Opposition Cries Foul in Mexico Elections
LOCAL elections in two key Mexican states were supposed to be a national ``laboratory for democracy.'' But a landslide victory by the ruling party has opposition parties declaring that massive fraud has made the experiment a failure. The Nov. 11 elections for mayors and a state congress in the state of Mexico, and in nearby Hidalgo State, were considered by analysts a crucial test of political modernization and election fairness promised by President Carlos Salinas de Gortari.
But the right-of-center National Action Party (PAN) and the center-left Democratic Revolutionary Party (PRD) say the election was invalid.
``We are competing against the `perfect dictatorship''' says Luis Felipe Bravo, a PAN mayoral candidate, referring to Peruvian author Mario Vargas Llosa's description of Mexico's political system.
The Institutional Revolutionary Party, or PRI, which has ruled Mexico for 61 years, said its candidates swept all but four of 121 mayoral contests in Mexico State and 81 out of 84 mayoral races in Hidalgo. Official results will be announced Nov. 15 in Mexico State and Nov. 18 in Hidalgo. The PRD challenges the entire election. The PAN contests 50 of 55 races in which its candidates took part.
``The democratic transition has been totally blocked,'' charges Mr. Bravo, who challenges results in 150 of 358 polling places in the city of Naucalpan on the northern edge of Mexico City.
PRI leaders deny fraud charges. They say good political organization produced PRI victories, which in some key races received a five-to-one margin over opponents, a switch from the PRI's one-in-three vote margin in Mexico State in 1988.
``It makes us feel somewhat bad after having worked so hard to have our legitimate and legal triumph questioned in the state of Mexico,'' said Mauricio Valdez, PRI state chairman.
``They put into practice all the known forms of violating the vote, from the archaic and crude to the most sophisticated,'' said PRD leader Cuauht'emoc C'ardenas.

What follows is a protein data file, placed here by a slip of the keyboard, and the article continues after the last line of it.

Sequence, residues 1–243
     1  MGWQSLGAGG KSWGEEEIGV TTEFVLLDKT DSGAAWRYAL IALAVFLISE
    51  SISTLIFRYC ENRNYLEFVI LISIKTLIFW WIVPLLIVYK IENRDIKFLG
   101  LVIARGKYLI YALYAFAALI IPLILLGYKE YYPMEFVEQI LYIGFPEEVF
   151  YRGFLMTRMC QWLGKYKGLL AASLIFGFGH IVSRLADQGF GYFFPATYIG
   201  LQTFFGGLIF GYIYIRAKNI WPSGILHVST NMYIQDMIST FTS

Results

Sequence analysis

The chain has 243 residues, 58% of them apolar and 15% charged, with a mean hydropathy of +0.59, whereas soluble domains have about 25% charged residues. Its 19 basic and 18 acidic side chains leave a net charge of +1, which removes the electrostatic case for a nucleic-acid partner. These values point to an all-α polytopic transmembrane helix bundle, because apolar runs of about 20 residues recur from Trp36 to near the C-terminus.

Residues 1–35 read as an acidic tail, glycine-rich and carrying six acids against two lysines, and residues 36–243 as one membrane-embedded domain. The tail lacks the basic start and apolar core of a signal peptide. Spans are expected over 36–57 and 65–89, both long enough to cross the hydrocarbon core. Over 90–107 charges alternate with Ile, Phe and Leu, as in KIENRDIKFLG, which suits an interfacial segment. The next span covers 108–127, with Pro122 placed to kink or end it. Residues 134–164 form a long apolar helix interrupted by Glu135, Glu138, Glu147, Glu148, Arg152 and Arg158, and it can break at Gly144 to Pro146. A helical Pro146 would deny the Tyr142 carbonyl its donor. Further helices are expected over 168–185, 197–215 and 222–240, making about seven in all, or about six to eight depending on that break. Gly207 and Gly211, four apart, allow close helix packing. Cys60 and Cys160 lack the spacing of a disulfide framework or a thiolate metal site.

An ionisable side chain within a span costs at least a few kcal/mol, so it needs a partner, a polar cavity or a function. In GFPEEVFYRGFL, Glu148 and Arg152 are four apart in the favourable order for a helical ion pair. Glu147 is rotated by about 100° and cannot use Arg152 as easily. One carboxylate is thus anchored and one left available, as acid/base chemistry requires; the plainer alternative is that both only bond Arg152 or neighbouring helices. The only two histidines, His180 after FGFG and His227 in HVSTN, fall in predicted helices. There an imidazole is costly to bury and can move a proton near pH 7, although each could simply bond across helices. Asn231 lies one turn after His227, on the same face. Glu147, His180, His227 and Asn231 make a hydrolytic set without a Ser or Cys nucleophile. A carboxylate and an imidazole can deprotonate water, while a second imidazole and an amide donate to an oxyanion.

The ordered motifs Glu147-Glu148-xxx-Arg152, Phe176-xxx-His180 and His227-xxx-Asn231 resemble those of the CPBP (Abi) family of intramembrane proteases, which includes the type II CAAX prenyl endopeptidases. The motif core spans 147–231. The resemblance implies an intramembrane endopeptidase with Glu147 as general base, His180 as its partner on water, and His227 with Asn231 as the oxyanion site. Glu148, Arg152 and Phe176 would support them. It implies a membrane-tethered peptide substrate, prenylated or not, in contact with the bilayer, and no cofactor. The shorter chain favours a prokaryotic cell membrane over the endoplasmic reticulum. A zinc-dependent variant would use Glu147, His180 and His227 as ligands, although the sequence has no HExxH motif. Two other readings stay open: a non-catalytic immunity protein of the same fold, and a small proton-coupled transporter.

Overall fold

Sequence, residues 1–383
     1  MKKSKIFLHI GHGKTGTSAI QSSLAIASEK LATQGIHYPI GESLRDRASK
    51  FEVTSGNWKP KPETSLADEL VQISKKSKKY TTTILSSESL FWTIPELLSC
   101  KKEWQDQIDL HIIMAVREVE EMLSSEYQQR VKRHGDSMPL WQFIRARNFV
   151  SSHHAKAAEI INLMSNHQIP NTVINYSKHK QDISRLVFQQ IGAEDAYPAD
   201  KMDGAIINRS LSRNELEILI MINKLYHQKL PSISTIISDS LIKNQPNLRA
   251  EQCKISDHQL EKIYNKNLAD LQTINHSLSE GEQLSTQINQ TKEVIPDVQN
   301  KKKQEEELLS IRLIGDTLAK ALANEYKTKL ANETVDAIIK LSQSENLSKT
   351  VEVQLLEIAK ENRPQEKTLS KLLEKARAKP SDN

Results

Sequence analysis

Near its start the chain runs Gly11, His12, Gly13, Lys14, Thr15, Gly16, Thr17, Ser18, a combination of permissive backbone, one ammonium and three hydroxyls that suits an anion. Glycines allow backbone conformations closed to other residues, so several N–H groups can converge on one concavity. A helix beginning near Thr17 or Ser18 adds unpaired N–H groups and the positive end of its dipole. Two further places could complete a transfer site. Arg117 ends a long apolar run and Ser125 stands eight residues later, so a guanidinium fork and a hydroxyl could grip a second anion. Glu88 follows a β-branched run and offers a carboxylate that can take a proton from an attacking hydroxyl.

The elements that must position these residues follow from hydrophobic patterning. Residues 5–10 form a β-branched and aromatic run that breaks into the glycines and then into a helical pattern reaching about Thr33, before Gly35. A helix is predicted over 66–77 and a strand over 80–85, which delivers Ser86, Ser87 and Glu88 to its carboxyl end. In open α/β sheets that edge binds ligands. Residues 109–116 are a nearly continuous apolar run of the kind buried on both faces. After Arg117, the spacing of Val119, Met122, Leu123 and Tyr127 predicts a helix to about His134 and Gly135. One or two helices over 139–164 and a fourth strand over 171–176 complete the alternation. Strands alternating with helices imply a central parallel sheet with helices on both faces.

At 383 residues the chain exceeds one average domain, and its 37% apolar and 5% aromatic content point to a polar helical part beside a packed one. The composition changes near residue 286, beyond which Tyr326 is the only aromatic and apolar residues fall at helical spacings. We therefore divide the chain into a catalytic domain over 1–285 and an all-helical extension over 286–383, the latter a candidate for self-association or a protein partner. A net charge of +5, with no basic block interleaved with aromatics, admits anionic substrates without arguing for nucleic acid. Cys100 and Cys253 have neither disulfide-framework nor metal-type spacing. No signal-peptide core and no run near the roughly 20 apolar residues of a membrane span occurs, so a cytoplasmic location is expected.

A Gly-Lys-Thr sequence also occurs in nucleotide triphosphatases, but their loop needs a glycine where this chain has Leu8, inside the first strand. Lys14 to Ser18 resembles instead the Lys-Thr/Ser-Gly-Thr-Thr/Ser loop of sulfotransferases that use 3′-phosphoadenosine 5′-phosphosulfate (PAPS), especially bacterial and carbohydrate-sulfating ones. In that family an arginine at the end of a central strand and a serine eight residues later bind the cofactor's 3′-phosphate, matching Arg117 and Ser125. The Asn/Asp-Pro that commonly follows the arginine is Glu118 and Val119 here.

According to the opposition and other witnesses, PRI authorities in many instances intimidated voters, stuffed or stole ballot boxes, and threw opposition poll watchers out of the polls. They also say PRI supporters were transported by minibuses to vote at several locations. PRI official C'esar Augusto Santiago says that minibuses were simply used to transport voters.
According to the PRI's figures, the elections amounted to total defeat for the PRD, which was formed after the 1988 presidential elections. The 1.2 million votes for Mr. C'ardenas in 1988 shrank to a total of 200,000 for all PRD candidates this year. The PRI, on the other hand, received 700,000 votes despite an unusually high abstention rate estimated to be 60 percent.
Political observers say the larger issue is whether Mexico can succeed in its shaky transition to democracy.
``It is evident the government has abandoned its promise of clean elections,'' says Jos'e Agust'in Ortiz Pinquetti, of the Independent Council for Democracy, a independent group pushing for democracy in Mexico. Mr. Ortiz says election objectives were ``the full restoration of the single-party system ... and the destruction of the electoral base and advances of the PRD.''